Rickie Lambert has a similar passing chart:
You can learn a lot about Pochettino’s commitment to this approach from the fact that he used Rickie Lambert in this fashion. If there is a single traditional English center forward who has been successful in the Premier League in recent years, it is Lambert. (And he might be the only one depending on how you rate Andy Carroll’s good half-season at Newcastle or Grant Holt’s spell at Norwich.)
Yet even here Pochettino would sooner have the immobile but technically proficient Lamber moving outside-in rather then use him as a traditional number nine. He didn’t drift as much as Rodriguez, of course, but he still receives the majority of his passes on the wing or in the box. If Pochettino didn’t use Rickie Lambert as a number nine then he will never play with a traditional number nine.
At Spurs, meanwhile, the biggest problem Pochettino has had in his attacking approach is the lack of two consistent vertical runners who can also finish well. Theoretically the club doesn’t lack such personnel. Harry Kane obviously thrives in the role, but last season he was the only one. Roberto Soldado continued to misfire and Emmauel Adebayor never seemed to gel with Pochettino. Nacer Chadli doesn’t quite have the quickness you want but is smart enough to do somewhat well in the position and was easily Spurs’ second best goal scorer last season. Aaron Lennon and Andros Townsend both lack finishing ability. Erik Lamela, meanwhile, should thrive in the role but has lacked the confidence and decisiveness required to make the sort of quick runs that Rodriguez and Kane have both made to such devastating effect.
That is what made the Son signing (and, to a lesser degree, the Clinton N’Jie signing) so significant for Spurs. Both Son and Clinton are versatile attacking players who can work as wingers or strikers. They are, in other words, very similar to Harry Kane and Jay Rodriguez. They like to start in wide areas and drift inside. They can make runs forward to latch onto through balls or long diagonal passes but they can also get the ball played into their feet and play quick one-twos with the lateral drifters in the attacking four. The club’s main summer transfer target, West Bromwich Albion’s Saido Berahino, is also this type of player.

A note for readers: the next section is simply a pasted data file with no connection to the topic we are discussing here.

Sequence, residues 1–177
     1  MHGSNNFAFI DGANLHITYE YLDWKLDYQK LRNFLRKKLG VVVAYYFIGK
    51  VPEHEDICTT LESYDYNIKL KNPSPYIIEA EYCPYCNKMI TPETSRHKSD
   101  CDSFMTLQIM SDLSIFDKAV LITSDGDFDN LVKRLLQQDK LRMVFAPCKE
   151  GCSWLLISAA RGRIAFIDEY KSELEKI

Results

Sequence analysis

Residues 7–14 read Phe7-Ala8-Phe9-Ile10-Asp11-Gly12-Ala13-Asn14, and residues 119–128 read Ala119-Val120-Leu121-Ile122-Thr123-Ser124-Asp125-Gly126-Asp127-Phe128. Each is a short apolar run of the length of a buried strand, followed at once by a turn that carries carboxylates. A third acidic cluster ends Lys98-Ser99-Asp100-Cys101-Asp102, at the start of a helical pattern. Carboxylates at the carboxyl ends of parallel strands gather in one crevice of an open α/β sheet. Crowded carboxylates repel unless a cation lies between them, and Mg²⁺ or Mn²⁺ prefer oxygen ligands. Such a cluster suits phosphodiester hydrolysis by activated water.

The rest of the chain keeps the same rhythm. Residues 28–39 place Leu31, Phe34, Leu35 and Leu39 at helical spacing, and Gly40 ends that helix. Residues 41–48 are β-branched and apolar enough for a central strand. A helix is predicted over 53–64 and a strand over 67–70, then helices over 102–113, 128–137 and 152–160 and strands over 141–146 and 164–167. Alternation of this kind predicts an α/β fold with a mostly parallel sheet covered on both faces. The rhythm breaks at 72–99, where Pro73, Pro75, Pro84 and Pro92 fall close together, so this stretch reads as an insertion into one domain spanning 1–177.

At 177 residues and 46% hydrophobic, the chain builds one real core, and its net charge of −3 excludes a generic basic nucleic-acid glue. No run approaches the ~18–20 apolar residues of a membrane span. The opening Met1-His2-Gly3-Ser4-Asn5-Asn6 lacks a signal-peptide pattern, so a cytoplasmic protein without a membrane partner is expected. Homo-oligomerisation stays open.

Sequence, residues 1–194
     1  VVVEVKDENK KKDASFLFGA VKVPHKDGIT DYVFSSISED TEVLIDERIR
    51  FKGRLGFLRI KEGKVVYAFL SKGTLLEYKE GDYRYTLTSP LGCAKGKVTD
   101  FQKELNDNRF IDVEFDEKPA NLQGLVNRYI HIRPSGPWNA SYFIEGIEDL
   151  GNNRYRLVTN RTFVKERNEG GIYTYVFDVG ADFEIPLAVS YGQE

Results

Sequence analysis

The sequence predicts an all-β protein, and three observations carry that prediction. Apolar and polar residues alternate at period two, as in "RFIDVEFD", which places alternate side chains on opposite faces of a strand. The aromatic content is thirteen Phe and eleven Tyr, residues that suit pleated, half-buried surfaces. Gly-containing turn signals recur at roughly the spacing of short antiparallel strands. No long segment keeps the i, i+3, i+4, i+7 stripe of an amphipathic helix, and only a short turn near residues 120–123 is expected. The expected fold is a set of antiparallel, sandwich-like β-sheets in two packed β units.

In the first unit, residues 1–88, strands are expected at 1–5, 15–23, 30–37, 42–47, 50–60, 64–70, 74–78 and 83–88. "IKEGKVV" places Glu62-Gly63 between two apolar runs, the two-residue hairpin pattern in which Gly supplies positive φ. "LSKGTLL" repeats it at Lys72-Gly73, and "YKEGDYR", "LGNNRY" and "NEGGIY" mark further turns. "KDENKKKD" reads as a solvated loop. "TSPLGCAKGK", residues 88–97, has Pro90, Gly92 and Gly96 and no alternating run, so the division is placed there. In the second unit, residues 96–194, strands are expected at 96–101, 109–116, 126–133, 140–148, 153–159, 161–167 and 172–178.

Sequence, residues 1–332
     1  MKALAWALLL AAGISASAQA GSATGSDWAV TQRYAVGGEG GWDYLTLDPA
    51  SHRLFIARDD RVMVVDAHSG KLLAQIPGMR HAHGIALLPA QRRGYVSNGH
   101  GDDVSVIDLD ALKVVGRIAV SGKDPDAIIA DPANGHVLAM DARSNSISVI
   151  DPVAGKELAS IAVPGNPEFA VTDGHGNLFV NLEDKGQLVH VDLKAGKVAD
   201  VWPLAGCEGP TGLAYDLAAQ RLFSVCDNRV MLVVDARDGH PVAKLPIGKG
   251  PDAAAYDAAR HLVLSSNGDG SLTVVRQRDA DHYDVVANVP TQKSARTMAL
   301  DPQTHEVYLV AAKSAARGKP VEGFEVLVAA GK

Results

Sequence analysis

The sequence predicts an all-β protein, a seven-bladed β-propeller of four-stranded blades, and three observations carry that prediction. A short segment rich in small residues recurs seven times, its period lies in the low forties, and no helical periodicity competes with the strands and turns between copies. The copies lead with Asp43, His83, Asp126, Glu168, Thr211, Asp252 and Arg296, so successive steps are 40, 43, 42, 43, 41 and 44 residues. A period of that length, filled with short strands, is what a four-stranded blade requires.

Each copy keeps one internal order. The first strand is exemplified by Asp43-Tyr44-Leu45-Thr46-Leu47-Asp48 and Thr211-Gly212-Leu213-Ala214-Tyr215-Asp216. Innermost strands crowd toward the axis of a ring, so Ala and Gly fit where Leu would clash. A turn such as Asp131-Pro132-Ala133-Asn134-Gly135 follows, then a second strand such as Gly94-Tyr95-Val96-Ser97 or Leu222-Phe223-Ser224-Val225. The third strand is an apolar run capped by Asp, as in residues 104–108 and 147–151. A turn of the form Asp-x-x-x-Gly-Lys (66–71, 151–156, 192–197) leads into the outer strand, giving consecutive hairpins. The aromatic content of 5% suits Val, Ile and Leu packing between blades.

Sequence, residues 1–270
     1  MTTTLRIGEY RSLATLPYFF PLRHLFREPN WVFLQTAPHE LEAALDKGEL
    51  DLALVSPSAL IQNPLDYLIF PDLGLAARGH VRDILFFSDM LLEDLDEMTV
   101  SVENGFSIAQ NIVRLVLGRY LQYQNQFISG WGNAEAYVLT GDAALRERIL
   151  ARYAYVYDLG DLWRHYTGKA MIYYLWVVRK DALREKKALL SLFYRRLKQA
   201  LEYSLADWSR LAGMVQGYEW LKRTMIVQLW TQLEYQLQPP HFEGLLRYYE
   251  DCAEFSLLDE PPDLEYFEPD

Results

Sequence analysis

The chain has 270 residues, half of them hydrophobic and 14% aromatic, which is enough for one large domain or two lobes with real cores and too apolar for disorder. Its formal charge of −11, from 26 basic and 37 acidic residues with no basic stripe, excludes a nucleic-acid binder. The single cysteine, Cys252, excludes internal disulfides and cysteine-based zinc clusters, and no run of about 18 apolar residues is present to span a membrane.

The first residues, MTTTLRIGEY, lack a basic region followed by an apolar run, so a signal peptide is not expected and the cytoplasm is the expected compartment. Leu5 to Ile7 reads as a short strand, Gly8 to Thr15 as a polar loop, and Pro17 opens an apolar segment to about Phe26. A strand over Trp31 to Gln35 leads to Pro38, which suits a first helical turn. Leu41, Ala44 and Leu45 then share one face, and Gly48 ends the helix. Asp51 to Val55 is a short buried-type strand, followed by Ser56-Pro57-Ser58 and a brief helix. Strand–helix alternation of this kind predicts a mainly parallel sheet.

Harry Kane’s wide positioning for Tottenham is not a bug. It’s not a patched together solution that Mauricio Pochettino has invented to compensate for the club’s lack of a true striker. It’s how Pochettino wants his team to play. He wants to attack the opponent with and without the ball. When out of possession each of the front four players has an obligation to close on the ball quickly. When in possession, each of the attacking four needs to be able to hit quickly and then be prepared to win the ball back. In this system there is no place for a traditional number nine who lurks on the edge of the 18-yard box and never strays into other parts of the field. Such a player would be a liability to Pochettino. He wants versatile, hard-working forwards who can move into wide areas and then charge into central areas quickly. That’s what Harry Kane does. It’s also what Son Heung-Min and Clinton N’Jie do. And as long as Pochettino is at White Hart Lane, it is what Tottenham’s “central” forwards will continue to do.